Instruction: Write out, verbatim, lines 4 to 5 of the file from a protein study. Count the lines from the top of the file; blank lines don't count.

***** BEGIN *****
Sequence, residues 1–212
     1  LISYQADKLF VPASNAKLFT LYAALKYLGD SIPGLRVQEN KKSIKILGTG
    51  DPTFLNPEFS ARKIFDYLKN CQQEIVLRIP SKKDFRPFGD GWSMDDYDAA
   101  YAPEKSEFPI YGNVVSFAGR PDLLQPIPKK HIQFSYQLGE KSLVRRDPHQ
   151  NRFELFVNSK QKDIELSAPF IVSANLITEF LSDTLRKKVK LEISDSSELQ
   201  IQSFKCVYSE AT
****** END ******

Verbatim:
   101  YAPEKSEFPI YGNVVSFAGR PDLLQPIPKK HIQFSYQLGE KSLVRRDPHQ
   151  NRFELFVNSK QKDIELSAPF IVSANLITEF LSDTLRKKVK LEISDSSELQ